OPINION

Deciphering A Mixed Message

October 30, 2007
Uma Ranganathan

During a recent lighthearted round of gossip with a friend we chanced upon a popular topic - extramarital relationships. One of our acquaintances who was married happened to have embarked on a relationship with a colleague. My friend H initially expressed great concern about this state of affairs, evincing horror at the way a married man could forget his commitments to his wife and carry on with another woman and so on. Gradually, becoming aware of my non-committal (somewhat amused) silence, she stopped and then gave an embarrassed giggle. She then followed it up with a non sequitor which at the verbal level made no sense to me though I could somehow understand the feeling behind it. What was evident was H’s embarrassment at this point, brought on probably by the fact that she was thinking of the same thing that I was and that was of the flaming affair she herself had had much earlier when she was well into the tenth or twelfth year of marriage, while her husband was more or less at the height of his career, and while she, her spouse and the kids managed to present to the outside world, the image of an ideal, well knit, respectable family - the kind you see in the pressure cooker ads or ads for masalas and pickles which are supposed to keep the family together.

H’s remark reminded me of the time years ago when I was in college and I used to shoot my mouth off about a whole lot of subjects I really didn’t know much about, including pre-marital and extramarital sex and how it was all a matter of freedom and choice. No doubt much of what I said then was for pure shock value so of course I couldn’t help feeling triumphant at the lengthy and pointless debates my statements got me into with M, an ultra conservative classmate with some pretty rigid beliefs on life and relationships. Exactly how pointless those debates were I found out only years later, during one of those very edifying girlie sessions with a friend who had also been a classmate, when I learned that all the time M had been playing holy mother with us, she herself had been living it up with two fellow students at the university, neither of whom she eventually married.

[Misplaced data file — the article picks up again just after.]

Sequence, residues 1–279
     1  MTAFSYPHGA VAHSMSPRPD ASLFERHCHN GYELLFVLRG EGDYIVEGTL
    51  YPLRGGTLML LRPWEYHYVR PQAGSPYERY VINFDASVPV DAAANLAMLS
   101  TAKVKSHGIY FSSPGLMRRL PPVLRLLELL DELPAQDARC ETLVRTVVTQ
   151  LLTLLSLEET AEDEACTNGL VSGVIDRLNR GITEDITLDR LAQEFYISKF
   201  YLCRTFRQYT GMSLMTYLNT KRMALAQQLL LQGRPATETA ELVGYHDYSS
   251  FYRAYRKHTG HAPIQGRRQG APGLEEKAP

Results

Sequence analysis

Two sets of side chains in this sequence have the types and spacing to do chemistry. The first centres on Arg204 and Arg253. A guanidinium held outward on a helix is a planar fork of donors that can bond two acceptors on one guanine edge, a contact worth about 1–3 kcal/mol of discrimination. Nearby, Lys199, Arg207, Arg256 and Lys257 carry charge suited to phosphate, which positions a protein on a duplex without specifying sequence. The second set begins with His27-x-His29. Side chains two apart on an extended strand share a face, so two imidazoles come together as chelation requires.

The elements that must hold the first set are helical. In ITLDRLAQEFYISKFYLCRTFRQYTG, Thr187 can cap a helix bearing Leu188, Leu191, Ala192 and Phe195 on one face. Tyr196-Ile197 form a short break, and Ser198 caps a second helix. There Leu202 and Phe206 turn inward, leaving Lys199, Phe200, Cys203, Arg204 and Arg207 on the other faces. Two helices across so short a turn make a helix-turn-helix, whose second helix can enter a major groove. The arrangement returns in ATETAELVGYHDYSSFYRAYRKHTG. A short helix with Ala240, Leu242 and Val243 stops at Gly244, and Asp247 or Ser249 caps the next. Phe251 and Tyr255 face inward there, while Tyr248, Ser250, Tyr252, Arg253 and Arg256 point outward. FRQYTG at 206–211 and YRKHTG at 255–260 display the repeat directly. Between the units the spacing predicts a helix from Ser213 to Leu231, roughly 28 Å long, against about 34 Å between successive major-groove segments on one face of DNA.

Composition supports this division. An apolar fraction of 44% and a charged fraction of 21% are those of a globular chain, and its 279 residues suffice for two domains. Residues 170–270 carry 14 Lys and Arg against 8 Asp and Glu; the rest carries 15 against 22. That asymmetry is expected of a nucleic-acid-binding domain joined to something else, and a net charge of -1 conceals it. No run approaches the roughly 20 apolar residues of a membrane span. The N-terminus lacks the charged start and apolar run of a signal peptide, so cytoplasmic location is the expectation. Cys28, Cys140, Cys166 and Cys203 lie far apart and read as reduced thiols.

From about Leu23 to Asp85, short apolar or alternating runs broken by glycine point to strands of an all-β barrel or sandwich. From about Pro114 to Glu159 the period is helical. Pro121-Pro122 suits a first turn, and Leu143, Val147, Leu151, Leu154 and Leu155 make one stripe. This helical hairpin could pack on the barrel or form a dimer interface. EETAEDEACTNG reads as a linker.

There is good reason for not always believing what people tell you and the more force they say something with, the less credible it sounds, at least to me. The very vehemence makes you question the veracity of a statement. Remember Colonel Fitts in American Beauty who rages at his son on the false assumption that he is a homosexual, only to later exhibit gay tendencies himself?

The lady doth protest too much, methinks.” I frequently find myself echoing the sentiments of the queen in “Hamlet.” Over-assertion of love or of loyalty for example, really makes one doubt their authenticity. On the other hand when a person claims to hate someone (especially of the opposite sex) you wonder if there isn’t another, diametrically different feeling lurking behind the apparent hatred which she/she is unaware of or trying desperately to hide. Aggression often veils something like its opposite in terms of emotion, for example fear. Hostility when you examine it, more often than not is a convoluted plea for affection, though the hostile person would hardly be able to admit that. And behind his mask of distance you find that a person you consider inaccessible, only happens to be painfully shy and sensitive.

What we end up saying or showing to the world is in fact not always what it seems to be. It is said that only seven per cent of the real meaning of a piece of communication is conveyed through words, the rest is revealed through body language, tone of voice, the odd give away gesture that sometimes belies what a person is trying so hard to convince you about. Small wonder that with so many mixed messages floating among us we are generally so short on trust in the human world. But being aware of what and how you’re communicating and trying to be aware of the possible feelings which might be sparking off another person’s words, does increase our understanding, both of ourselves and others. Eventually, you realize, it is not so much the words we exchange but this deeper understanding between us that is likely to pave the way to a more peaceful and trusting environment.